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The Giraffe logo, a giraffe wearing glasses

Giraffe CircleCI

Gracefully Integrated Remote Access For Files and Execution

A long neck to reach far-away places


Giraffe is a Java library that integrates local and remote file system access with command execution behind a common, familiar API. It combines new classes for command execution with remote implementations of the java.nio.file API introduced in Java 7.

SshHostAccessor ssh = SshHostAccessor.forPassword("", "giraffe", "l0ngN3ck");

try (HostControlSystem hcs = {
    Path logs = hcs.getPath("server/logs");
    Files.copy(logs.resolve("access.log"), Paths.get("log/example-access.log"));

    Command archive = hcs.getCommand("server/bin/", "--format=zip", "logs");

Get Giraffe

Giraffe is available from Maven Central.

With Gradle:

repositories {

dependencies {
    compile 'com.palantir.giraffe:giraffe-ssh:0.10.1'
    // or 'com.palantir.giraffe:giraffe-core:0.10.1' for local features only

Why Giraffe?

Why did we write Giraffe and why might you use it?

While working on deployment and test tools we found many situations where we wanted to write code that worked easily on both the local host and remote hosts using SSH. This required at least three different APIs with different abstractions:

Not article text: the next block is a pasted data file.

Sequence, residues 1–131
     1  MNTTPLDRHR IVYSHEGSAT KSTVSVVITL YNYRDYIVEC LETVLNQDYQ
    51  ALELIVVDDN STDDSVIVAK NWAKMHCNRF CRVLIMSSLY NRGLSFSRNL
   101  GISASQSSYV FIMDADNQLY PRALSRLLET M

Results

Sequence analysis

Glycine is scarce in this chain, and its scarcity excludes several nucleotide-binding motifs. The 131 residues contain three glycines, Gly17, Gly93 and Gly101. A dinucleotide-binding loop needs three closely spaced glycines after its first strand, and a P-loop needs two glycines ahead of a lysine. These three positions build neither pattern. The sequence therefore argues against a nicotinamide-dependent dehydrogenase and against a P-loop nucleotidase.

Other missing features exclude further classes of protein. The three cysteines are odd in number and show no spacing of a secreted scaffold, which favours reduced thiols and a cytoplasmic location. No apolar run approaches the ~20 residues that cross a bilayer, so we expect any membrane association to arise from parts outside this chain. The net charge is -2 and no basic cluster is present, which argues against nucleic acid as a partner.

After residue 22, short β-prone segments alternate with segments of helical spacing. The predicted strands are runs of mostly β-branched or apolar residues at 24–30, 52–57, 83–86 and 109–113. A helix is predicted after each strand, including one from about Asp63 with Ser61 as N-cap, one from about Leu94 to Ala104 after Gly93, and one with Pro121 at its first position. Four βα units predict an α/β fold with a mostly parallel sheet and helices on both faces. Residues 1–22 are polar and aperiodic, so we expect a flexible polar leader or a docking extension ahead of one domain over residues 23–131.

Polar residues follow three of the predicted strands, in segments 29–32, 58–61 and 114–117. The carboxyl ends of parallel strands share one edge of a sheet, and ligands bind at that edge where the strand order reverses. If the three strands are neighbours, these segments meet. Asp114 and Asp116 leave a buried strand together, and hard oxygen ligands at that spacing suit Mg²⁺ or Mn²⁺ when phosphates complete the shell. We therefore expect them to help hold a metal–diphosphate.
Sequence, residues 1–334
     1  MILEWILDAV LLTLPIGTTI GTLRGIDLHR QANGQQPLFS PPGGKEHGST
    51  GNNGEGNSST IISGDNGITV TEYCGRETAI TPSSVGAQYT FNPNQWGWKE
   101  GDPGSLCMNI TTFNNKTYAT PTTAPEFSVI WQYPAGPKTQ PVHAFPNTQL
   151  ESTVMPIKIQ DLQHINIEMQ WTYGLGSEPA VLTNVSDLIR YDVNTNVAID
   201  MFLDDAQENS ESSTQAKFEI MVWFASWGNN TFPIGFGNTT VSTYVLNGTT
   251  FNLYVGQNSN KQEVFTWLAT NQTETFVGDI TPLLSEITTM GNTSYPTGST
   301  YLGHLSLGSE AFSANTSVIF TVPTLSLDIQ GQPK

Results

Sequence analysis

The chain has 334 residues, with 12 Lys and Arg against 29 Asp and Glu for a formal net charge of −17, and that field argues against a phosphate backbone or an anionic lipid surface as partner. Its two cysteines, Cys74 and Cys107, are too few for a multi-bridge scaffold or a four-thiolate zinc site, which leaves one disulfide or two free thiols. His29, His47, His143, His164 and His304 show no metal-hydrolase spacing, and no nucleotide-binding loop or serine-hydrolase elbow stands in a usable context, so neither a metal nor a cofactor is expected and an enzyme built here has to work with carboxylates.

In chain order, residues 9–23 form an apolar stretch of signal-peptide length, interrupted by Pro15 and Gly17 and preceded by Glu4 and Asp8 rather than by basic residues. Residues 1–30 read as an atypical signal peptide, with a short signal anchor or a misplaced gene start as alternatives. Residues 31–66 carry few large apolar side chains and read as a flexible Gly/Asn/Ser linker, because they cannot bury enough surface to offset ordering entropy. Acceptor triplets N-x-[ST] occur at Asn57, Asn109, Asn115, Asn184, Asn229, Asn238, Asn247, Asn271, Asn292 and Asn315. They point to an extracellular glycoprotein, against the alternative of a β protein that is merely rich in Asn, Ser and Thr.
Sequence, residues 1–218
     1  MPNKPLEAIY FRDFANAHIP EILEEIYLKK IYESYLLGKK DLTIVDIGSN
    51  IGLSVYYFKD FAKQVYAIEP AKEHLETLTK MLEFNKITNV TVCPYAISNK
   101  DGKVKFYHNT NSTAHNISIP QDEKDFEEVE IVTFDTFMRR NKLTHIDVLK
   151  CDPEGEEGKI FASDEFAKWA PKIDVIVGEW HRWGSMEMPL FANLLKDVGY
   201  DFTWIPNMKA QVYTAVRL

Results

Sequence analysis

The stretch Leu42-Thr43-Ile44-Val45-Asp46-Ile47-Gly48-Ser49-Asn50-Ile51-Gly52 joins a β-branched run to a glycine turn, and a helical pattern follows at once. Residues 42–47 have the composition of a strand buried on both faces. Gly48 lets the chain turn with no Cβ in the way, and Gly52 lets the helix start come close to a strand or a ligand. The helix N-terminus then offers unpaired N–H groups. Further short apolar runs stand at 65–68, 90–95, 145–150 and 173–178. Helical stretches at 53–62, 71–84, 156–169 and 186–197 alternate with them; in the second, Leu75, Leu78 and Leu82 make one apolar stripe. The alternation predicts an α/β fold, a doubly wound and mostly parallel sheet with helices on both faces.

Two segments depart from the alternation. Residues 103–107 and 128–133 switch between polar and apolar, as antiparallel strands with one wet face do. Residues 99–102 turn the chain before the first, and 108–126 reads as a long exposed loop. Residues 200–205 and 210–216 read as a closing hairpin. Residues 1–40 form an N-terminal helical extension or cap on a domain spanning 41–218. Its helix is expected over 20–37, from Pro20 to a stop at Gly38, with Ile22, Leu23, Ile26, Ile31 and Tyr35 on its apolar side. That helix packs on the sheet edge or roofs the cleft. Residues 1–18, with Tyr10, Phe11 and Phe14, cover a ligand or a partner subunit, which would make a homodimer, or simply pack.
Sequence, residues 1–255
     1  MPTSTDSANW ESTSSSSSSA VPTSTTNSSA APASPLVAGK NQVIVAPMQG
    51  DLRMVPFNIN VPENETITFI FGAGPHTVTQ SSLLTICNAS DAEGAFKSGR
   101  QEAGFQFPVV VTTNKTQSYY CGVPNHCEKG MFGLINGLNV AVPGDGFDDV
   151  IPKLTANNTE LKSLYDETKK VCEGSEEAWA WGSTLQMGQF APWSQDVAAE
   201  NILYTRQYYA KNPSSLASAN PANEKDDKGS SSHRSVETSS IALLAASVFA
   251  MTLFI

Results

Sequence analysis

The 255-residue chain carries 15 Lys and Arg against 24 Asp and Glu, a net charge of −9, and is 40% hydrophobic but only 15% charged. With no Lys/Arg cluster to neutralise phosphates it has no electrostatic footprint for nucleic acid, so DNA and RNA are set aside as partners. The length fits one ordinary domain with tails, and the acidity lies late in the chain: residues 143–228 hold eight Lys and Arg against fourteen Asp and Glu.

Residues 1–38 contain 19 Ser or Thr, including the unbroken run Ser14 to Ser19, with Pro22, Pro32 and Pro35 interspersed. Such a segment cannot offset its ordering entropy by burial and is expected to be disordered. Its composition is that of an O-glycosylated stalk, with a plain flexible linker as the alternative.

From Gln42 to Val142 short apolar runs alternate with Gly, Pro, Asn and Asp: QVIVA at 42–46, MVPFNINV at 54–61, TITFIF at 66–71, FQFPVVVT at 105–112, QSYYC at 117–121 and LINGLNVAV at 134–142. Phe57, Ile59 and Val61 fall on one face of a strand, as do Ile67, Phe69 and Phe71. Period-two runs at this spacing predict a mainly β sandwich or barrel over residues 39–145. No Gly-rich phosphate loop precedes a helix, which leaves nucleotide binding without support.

1. Native Java functionality (with third-party utilities) for local files
  2. Native Java functionality or commons-exec for local command execution
  3. An SSH library (sshj, jsch, ganymed-ssh2) for remote file manipulation and command execution

This led to duplicated abstraction layers in our projects and complicated code that had to know what type of host it was targeting.

With Giraffe, a single library is required and there are only two APIs: native Java functionality for files and an intentionally similar API for command execution.


The closest equivalent to Giraffe is XebiaLabs's Overthere. In our view, Giraffe has two major benefits when compared to Overthere:

  1. It uses the standard java.nio.file API introduced in Java 7
  2. It's offered under the Apache 2.0 license instead of the GPLv2

That said, Overthere supports more protocols and supports Windows, which may make it more appropriate for your use case.


In general, any release of Giraffe is supported until a newer version is released. Users should update to newer versions as soon as possible.

Occasionally, we continue to provide bug fixes and support for the previous major version series after a new major version release. These releases are listed below. We support old releases for at most 6 months after a new major version release.

No supported old releases at this time


Giraffe builds with Gradle and is configured to use Eclipse as an IDE:

$ ./gradlew eclipse     # generate Eclipse projects
$ ./gradlew build       # compile libraries and run tests

See ./gradlew tasks for more options.